It’s a marketer’s dream: Make your product so ubiquitous that it permeates the popular lexicon, even apart from its commercial identity. And if you can do it with kids? Epic.
The winners of a nationwide short-story contest for budding U.K. authors age 13 and younger will be announced Friday morning, May 30, live on the BBC’s Radio 2. But the commercial winners are already clear, thanks to an analysis of each of the more than 50 million words written by the nearly 120,000 children who entered this year’s competition. They are Lego, Universal Pictures (CMCSA), and Mojang, maker of the Minecraft game, to name a few.
Data on the language used in the stories, each of which is no longer than 500 words, is tabulated and analyzed by Oxford University Press, publishers of the Oxford Children’s Dictionaries. It’s looking for insights into the evolving use of language by kids, along with changing trends in children’s interests.
The word “lego” had the largest number of hits among trending commercial words in this year’s narratives (2,208 hits, compared with just 1,044 last year), and the second-biggest number of hits among all key words that were trending. There were more subtle signs that the privately held Danish toymaker’s film, The Lego Movie, had an even deeper impact on kids. “The increased popularity of the name Emmet (464 hits in 2014 compared with 12 hits in 2013) is obviously due to the film,” according to the report on this year’s trends.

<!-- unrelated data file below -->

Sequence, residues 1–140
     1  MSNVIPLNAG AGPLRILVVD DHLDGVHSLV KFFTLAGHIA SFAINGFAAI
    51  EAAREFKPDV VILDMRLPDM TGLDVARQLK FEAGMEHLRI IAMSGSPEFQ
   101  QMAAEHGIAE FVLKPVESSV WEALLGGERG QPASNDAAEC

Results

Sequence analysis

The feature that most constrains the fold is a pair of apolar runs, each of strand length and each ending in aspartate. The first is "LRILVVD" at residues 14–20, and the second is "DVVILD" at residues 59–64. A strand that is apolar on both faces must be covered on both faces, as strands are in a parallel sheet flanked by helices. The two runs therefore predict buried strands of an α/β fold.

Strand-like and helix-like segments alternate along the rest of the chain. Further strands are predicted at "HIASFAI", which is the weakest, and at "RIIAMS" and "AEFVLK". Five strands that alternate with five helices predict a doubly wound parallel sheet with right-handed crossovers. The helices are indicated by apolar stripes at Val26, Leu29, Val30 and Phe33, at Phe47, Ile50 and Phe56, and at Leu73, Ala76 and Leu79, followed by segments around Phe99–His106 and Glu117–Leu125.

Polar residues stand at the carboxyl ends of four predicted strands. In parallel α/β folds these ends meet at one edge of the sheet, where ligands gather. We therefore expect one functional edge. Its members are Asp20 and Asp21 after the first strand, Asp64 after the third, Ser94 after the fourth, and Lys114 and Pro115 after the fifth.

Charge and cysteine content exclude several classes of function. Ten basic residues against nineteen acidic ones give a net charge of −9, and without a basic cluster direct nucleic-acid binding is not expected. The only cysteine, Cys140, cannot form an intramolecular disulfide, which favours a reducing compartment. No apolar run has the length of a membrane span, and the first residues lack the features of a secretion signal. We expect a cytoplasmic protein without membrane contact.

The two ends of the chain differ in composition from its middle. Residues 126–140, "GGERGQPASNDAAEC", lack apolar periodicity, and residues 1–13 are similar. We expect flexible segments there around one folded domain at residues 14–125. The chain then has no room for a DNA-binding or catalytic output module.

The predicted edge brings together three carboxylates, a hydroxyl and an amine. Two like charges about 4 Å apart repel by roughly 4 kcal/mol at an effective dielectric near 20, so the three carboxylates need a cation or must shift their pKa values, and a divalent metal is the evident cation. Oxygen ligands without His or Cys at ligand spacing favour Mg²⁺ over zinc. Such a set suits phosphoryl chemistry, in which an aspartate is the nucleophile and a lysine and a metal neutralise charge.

Marvel Entertainment’s (DIS) “Batman” also jumped in popularity, likely due to the inclusion of a Lego Batman in the film, the authors conclude. The top fictional character included in the kids’ stories last year was the U.K.’s own James Bond, but Superman and Batman topped the list this year, knocking agent 007 down to the No. 10 spot.
The report’s authors named ”minion” as the word of the year, thanks to Universal’s Despicable Me and Despicable Me 2. Minion had the third-highest number of hits among words that trended this year. ”He called his minions to capture her and put her in the dungeon,” one 10-year-old girl wrote in her story, titled Spy School. The report’s authors said kids’ narratives were also rich with words associated with Mojang’s Minecraft game, including ordinary words such as “portal” and ”villager.”
The top consumer gadget mentioned by kids in their stories this year wasn’t even a contest: Microsoft’s (MSFT) Xbox game console (1,336 hits) was way ahead of the second-place gadget, Apple’s (AAPL) iPad (656 hits), with Sony’s (SNE) PlayStation coming in a distant fourth.